Interior Design Vignettes Pt.1: Small Spaces in Large Rooms

Reading Time: 4 minutes

Photo: kibrly

Rooms are big! Decorating is a challenge when you’re thinking “big picture” from the start.

Have you ever thought smaller, via creating “vignettes?”

What makes a vignette?

In writing and art, “vignettes” are smaller scenes meant to have more impact. In decorating, it’s an area that’s a self-contained setting within a larger space. A little reading alcove, eating nook, or the stuff you surround your hallway table with — these are all examples of vignettes.

In a well-designed room, some elements should stand together as a group, and it should complement the larger space. That’s the theory of vignettes.

It sounds intimidating, but it’s not. When you start thinking logically about it, some of the choices before you are obvious.

Let’s talk our way through creating, for example, a little reading corner. Almost everyone I know values making a “reading” space in their home — that one spot where a book is never out of place — and it’s actually one of the easiest spaces to put together.

The beginnings of a reading nook

What do you need most of all? A good chair. So, you would pick the chair that first comes to mind when you think of reading a novel with a hot drink. That’s your reading chair.

Is it a pretty reading chair? Great! Or is a pretty shredded reading chair? If your cat’s had its way with the upholstery, you get the bonus step of considering a slipcover or the perfect throw blanket for camouflage — there, from pretty shredded to pretty cozy.

Where do you read? Where lighting is good! So, you’d probably enjoy being near a window, but also a plug outlet, so the reading lamp’s cord doesn’t have to stretch across the floor. This will narrow your choices. So too will the fact that you need space for, at the very least, a table & a big comfy chair.

And then there was (reading) light

With the new reading home chosen, put your chair in place. Looks good, doesn’t it? Now you’ll need the lamp. You don’t want to have to get up when dusk falls, just to turn on the light, so the lamp will have to be close at hand when seated.

The light needs to be softly filtered with a good shade, so you won’t get tired eyes. Nothing too big. It can be a standing floor lamp or a table lamp. If a floor lamp, it should be slightly to the side and behind you, with light source shoulder-height or higher when you’re sitting and reading.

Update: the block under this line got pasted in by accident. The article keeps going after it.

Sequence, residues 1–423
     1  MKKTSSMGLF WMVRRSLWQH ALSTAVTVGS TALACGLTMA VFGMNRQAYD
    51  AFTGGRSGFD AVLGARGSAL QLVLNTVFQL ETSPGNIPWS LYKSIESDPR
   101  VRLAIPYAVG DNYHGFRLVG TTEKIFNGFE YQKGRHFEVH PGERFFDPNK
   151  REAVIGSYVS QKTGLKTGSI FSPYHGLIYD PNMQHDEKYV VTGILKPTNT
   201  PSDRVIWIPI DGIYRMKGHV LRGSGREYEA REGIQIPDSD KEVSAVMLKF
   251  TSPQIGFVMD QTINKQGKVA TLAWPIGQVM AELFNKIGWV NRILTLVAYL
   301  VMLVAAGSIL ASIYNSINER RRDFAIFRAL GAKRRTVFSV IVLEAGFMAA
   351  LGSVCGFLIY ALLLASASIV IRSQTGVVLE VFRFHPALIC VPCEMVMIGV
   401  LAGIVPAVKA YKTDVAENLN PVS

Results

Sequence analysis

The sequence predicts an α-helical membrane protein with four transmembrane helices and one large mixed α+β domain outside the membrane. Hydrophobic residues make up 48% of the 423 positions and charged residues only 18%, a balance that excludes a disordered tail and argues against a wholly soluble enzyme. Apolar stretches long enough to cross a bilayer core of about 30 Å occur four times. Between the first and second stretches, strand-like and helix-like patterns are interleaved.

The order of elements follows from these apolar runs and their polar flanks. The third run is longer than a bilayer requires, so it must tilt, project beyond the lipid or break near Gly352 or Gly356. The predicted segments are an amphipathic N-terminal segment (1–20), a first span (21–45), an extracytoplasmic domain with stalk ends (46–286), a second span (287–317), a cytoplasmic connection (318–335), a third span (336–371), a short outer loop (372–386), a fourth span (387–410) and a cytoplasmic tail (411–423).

Whether you use a floor or table lamp, you need a table. If you’re using a lamp on the table, then you may need a larger surface, because your teacup, notebook, and snacks saucer also need to squeeze in there so you can sip, nosh, and note your way through a rainy day.

Imagine your way to a detailed plan

You see how this is working? Imagine all the details of things you’ll need in order to really enjoy that space, and then make it happen.

So, your table should be about as high as the chair-arm for comfortable reading, tea-fetching, and well-appointed reading light. It should really have a drawer for a notebook, a pen, and anything else that could be useful on an afternoon of reading. I mean, who wants to stand and walk all the way to their desk for a pen to make a note about a bright idea when reading?

If you have a table lamp to use, put it in place, and turn it on. Now you have your chair, lamp, and table, in their new home.

Okay… now what?

Photo: chutes and ladders

Stand back. How’s it look? Not nearly finished, I imagine. You’ll need knickknacks. Possibly photos. Maybe even textiles. We’re just getting started!

Know what’ll tie it together, I bet? A piece of art, a mirror, or something else mounted above the chair. It should be lower than you might normally hang art, and that’s because you’re deliberately tying it to this scene. Hanging it lower creates a more intimate feel.

But what art should you pick? And what if you don’t have the art, how do you decide what to get?

Here’s where things get interesting, when we go from bare-bones to a personalized space, and for many people, this is the challenge.

When choosing the lamp, art, and whatever knickknacks you can conjure, they don’t have to match, but they do have to feel like they’re of the same mood, style, or era — there needs to be a common thread that makes sense.

Picking several items — textiles, art, and knickknacks — with a theme, and putting them all together, that’s how we create the perfect personal space. With those little items, that’s how we make it our space.

Interior design vignettes: you make the rules

There’s no need to panic, people. It’s about picking things that work for you, and no magazine or decorator could do that better than you. All you need are a couple easy guiding principles, and you won’t get so hung up what accessories will play well with each other. We’ll talk about it next time, as we run down some of the different ways to approach making a theme for your vignette.

First vignettes, now themes? Who knew it could be so easy? Exciting, isn’t this? Seeya next time.

If you have any questions, comments, or suggestions, lay ‘em on me, I’d love to hear them.

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Steffani Cameron

Steffani Cameron is a Victoria BC-based writer on a variety of topics. Here on the BuildDirect blog, she specializes in writing about smaller, urban spaces. How do you make the most of your smaller space? How do you decorate it to suit you? And how do you wage the war against clutter and win? This is Steff’s specialty.